Is grammatical gender assignment arbitrary?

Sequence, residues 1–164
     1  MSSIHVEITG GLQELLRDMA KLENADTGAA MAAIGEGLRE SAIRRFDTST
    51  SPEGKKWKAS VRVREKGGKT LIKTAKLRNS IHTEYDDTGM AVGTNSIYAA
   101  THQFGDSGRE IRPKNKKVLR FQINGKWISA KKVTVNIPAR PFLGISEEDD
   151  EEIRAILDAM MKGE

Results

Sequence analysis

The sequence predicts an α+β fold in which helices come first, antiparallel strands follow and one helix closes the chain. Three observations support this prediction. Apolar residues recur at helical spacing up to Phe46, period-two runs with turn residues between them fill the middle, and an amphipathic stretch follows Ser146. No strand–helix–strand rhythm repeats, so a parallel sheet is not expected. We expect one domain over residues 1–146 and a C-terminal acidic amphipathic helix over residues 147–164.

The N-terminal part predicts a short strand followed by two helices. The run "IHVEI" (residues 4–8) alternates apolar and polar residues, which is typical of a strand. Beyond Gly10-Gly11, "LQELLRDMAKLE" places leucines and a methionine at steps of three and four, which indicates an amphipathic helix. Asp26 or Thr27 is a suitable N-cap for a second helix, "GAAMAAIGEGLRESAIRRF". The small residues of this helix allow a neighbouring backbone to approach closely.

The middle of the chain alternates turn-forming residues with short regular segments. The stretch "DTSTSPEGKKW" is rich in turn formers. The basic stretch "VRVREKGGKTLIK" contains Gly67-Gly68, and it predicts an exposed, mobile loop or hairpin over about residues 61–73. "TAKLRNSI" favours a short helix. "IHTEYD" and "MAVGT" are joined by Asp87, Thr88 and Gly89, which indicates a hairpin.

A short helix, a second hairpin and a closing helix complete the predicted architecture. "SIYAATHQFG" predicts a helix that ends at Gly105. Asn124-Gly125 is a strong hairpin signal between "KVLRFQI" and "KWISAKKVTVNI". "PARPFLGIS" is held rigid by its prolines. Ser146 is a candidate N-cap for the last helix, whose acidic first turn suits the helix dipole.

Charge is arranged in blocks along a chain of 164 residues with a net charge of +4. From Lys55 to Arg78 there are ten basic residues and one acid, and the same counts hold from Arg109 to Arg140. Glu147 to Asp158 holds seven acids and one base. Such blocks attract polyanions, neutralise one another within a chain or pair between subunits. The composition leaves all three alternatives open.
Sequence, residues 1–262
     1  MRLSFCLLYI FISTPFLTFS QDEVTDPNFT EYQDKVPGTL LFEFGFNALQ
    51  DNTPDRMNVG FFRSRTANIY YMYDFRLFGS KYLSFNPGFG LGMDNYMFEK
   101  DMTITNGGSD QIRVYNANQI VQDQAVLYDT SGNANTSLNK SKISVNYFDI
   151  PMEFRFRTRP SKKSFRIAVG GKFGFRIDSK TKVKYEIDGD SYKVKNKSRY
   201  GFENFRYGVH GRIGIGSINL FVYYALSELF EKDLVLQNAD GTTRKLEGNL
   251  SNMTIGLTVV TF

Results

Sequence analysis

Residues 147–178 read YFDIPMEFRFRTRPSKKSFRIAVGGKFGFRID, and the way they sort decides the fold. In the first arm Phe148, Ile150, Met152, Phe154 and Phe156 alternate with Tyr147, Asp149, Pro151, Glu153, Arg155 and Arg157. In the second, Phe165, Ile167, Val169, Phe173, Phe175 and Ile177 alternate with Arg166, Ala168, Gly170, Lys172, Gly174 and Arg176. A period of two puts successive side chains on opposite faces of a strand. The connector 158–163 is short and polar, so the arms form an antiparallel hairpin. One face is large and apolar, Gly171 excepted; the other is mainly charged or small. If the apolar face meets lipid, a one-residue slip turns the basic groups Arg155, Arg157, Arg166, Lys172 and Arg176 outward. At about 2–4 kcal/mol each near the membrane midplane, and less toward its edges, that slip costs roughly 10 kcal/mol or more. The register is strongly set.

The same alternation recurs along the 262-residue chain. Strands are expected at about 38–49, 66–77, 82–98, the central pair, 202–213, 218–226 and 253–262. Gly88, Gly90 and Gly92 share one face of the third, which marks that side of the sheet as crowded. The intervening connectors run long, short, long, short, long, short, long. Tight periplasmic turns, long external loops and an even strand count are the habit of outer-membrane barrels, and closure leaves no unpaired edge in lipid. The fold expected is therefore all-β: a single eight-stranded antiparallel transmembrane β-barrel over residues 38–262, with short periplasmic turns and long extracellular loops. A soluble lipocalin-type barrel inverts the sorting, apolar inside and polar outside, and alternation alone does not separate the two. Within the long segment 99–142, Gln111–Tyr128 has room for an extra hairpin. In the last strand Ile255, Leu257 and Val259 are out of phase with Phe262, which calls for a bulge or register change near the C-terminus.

AbstractMany languages assign grammatical gender to inanimate and otherwise genderless nouns like “key” and “hammer”. Previous studies of grammatical gender have largely considered it from the Whorfian perspective: examining mixed cases like “key” where disagreements on gender across languages enable researchers to ask whether linguistic gender influences gender associations in cognition. This approach has sometimes presumed arbitrariness in grammatical gender assignments and neglected to consider cases like “hammer” where there is broad agreement on gender (masculine) across both Indo-European languages and the intuitions of monolingual English speakers, who do not use grammatical gender but agree on the masculine nature of hammers (Foundalis, 2002). We reanalyze previous findings and present new data to assess whether common principles underlie both gender assignments in Indo-European languages and the gender associations of English speakers. Additionally, we explore the role of semantic domain, usage, and semantic features in predicting grammatical gender and gender association.


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